Edmontonarea farmers raise nearly half a million dollars to help feed the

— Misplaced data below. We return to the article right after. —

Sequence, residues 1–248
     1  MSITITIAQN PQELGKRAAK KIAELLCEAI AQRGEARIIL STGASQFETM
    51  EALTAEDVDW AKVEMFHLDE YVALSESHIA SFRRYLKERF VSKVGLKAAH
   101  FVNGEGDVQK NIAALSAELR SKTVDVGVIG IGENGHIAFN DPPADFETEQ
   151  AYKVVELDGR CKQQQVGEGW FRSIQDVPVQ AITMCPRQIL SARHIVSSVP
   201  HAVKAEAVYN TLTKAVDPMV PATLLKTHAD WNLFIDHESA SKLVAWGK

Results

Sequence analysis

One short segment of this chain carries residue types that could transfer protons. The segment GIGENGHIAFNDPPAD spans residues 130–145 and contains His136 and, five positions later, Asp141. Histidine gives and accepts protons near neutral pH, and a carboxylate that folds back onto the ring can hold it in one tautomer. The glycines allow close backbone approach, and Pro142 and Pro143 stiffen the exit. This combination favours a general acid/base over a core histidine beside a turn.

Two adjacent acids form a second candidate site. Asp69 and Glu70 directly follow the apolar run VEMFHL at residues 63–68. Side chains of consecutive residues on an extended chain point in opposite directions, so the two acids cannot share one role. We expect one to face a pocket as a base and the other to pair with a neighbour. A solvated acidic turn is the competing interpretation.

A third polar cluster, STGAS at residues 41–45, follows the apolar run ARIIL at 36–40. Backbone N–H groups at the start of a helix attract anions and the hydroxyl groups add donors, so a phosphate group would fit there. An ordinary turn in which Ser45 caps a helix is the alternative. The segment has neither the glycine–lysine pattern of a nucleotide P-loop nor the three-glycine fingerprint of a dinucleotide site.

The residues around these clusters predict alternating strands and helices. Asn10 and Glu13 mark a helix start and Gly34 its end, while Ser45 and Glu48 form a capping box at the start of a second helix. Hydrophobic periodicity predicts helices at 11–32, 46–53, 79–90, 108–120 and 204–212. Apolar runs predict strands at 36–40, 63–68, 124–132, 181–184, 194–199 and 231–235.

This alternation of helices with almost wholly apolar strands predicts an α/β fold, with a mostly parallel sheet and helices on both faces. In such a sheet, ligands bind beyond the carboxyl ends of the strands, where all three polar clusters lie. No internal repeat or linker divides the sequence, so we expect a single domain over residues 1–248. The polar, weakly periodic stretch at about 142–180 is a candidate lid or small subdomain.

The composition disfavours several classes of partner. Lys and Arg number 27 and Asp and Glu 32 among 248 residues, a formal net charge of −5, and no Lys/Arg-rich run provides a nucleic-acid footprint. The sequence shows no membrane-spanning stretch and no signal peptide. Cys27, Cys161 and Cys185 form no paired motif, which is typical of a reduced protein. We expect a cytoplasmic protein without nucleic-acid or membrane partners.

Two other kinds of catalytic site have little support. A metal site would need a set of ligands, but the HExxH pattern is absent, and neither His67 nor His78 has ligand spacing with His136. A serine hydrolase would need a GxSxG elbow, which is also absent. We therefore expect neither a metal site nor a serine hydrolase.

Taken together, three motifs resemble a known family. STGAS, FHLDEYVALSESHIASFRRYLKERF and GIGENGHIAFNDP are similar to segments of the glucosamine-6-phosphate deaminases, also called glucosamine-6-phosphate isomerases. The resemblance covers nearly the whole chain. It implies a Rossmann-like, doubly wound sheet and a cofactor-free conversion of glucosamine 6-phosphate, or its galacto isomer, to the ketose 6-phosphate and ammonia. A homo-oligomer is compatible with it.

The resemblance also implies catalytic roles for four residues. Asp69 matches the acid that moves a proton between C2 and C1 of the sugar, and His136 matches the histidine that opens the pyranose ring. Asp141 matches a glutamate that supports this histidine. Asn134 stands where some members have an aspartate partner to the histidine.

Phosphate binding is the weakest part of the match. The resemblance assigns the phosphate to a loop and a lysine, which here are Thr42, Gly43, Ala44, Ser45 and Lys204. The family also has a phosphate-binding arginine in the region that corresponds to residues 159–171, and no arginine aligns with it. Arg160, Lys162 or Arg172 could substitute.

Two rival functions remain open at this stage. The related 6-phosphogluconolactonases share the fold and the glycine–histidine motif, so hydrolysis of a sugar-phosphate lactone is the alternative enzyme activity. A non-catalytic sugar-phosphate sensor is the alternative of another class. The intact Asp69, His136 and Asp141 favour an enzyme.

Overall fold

A group of Edmonton-area volunteer farmers have raised an expected half a million dollars to help fight hunger around the world.Close to a dozen combines ran across 295 acres of barley outside of Fort Saskatchewan over the weekend as farmers with Share The Harvest hauled in this year’s yield. The grain the group harvested will now be sold mostly to Asian markets with all proceeds being donated to the Canadian Foodgrains Bank to help provide farm training and finance farming projects in African, Asian and South American countries.“A lot of the money raised is used in those areas to help improve, (such as) designing water trenches, to help move water across the land,” said Keith Goutbeck, director of Share The Harvest. “It’s also making it so those countries, places that struggle to have the education, can get educated to be self-sustaining.”Goutbeck said they were able to harvest over $100,000 this year. That money will be matched four times over by the federal government, ringing the final price up to an expected $500,000.“We were able to complete our 295-acre field but it was very wet barley, it was 26 per cent moisture content, which is considered very high, so we’ll have to do a lot of grain drying,” said Shaun Galloway, who helps organize the event. “But in the end it was a very good yielding. It was 100 bushels an acre and that’s after we allow for shrinkage.”Story continues belowThis advertisement has not loaded yet,but your article continues below. The harvested land was donated by Suncor, while all the seeding, fertilizer and other materials used during the growing season were all donated by local agricultural businesses. Share The Harvest also allows members of the public to sponsor an acre of land for $300. Galloway said each sponsored acre can help boost donated funds by $1,600.“We will grow the crop for them, they don’t even have to get their fingers dirty,” said Galloway. “It’s pretty good leverage for a donor to see their gift make a significant impact.”Galloway said Share The Harvest was just one of 212 different ag-industry growing projects across the country.Over 100 people were treated to a barbecue at this year’s [email protected]/dylanshort_ Ian Kucerak / Postmedia Keith Goutbeck, one of the organizers of the 2019 Share The Harvest event, shows the tee barley that was harvested for the Canadian Foograins Bank this past weekend, in Sturgeon County, on Monday, Sept. 16, 2019.

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